Blog: Mississippi fervour spices up Detroit
Simon Warburton | 15 January 2013
It's not often I get mistaken for a German, but I was today by one taxi driver taking me to meet TRW in a Detroit restaurant.
The cabbie's comment left me momentarily speechless, but when I muttered something about being British, he turned the situation around triumphantly with: "Ah, Britain, a true friend of America." Sound fellow.
Talking of Germany, I was at a fiercely early briefing this morning at the Cobo Center, by German automotive industry association, VDA, whose president, Matthias Wissmann, gave a tub-thumpingly robust assessment of his country's performance to the backdrop of the rumbling 'people movers' passing inches outside the huge panoramic windows overlooking the Detroit River and Canada.
The speech included the startling assertion that Germany produced 5.5m vehicles last year to Italy's meagre "below 500,000" total, which neatly sums up the yawning chasm appearing to widen ever more between north and south Europe.
I had a succession of supplier interviews following that and then an unsuccessful wild goose chase trying to track down Michigan governor, Rick Snyder, who was on some sort of regal walkabout in the show proper. He's due back tomorrow, so will resume battle.
A quick trot across the road - after positively Bahamian temperatures at the weekend Detroit has returned to its marrow-chilling norm - to see the UAW organise a highly unusual press conference in which several Mississippi pastors, a Senator, the US coloured people advancement body [NAACP] and the actor, Danny Glover, all gather to push for union recognition in their state.
Nowhere apart from the US have I ever encountered religion entwined so closely with public life. Americans are unabashed to wear their faith on their sleeves and if that means the worlds of politics and organised labour are caught up in the maelstrom, so be it.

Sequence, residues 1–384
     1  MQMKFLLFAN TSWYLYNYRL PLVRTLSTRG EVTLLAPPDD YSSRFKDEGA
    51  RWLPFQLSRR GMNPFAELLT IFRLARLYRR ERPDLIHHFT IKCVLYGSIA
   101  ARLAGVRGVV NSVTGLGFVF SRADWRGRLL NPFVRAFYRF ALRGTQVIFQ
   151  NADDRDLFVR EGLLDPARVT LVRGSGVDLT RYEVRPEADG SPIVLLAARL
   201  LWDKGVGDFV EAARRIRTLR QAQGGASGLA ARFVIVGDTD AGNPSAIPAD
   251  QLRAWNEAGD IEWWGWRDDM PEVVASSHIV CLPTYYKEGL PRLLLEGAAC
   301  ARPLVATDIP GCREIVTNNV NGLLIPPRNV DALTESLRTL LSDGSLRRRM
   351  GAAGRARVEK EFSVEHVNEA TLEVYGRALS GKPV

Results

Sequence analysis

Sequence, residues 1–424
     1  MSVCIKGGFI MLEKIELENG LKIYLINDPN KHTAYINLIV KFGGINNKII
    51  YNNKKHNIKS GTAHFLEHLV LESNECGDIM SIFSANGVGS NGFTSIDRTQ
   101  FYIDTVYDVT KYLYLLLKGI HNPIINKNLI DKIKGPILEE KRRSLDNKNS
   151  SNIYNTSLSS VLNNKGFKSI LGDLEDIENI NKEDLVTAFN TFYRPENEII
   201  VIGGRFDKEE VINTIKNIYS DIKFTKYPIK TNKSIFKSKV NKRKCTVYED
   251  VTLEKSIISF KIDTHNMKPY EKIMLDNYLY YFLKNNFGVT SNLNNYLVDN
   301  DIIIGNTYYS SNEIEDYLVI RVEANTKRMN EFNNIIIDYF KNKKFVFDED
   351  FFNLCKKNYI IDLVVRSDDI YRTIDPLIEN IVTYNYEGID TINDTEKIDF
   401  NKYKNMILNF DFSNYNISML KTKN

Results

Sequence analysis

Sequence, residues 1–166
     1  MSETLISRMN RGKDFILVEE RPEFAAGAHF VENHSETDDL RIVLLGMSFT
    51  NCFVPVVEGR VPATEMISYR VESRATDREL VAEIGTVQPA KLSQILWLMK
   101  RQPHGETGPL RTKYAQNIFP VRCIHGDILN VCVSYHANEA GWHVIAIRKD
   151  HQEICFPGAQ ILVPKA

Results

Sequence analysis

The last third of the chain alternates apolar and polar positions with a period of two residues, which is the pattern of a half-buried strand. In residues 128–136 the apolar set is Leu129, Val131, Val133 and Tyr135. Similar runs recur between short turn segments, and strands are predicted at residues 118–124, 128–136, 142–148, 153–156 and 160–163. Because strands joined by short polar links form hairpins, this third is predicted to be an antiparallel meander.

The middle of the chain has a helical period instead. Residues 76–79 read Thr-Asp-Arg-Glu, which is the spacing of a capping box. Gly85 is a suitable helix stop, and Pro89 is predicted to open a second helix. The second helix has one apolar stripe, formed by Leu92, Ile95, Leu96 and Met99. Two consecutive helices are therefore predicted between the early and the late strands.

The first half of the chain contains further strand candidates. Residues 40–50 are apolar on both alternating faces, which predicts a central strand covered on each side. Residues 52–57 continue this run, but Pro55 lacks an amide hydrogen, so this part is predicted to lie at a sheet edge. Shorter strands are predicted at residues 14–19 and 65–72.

Add to that cocktail, the powerful history of Mississippi in the struggle for civil rights and it made for one of the most unusual press conferences I have ever attended.
"Mississippi is a right to work state," Glover told me. "That does not mean people have the right to organise and the right to vote on a union." Needless to say, there are two sides to a story and tomorrow should yield more detail.
Back to the show proper and interviews with Michelin North America president, Pete Selleck, whose company has now sponsored the gargantuan media centre for 25 years.
Step aside claustrophobic, steamy confines of the Paris motor show press office, Michelin's meeja centre is an aircraft hangar of air-conditioned enormity, a vast space into which thousands of the world's hacks are decanted daily and where, despite the vastness of it, somewhere to park your laptop is still at a premium.
The day was finished off with an absorbing interview with UAW president, Bob King, whose impassioned defence of union rights provided quite a contrast to the glitz and glamour of what was on the show floor.
There was also a lively demo outside by workers, although they really only perked up in the bone-chilling cold when the cameras turned on them, protesting against, well, I couldn't quite tell, but there were some great George Bush masks on display.
I'm guessing they weren't cheerleaders for the great capitalist model being played out inside the cosy, warm Cobo.
Well, on average, male and 33.5 years of age, with average annual household income of $175,000. There's some interesting stuff here in a survey of 800 premium brand car customers in China carried out...
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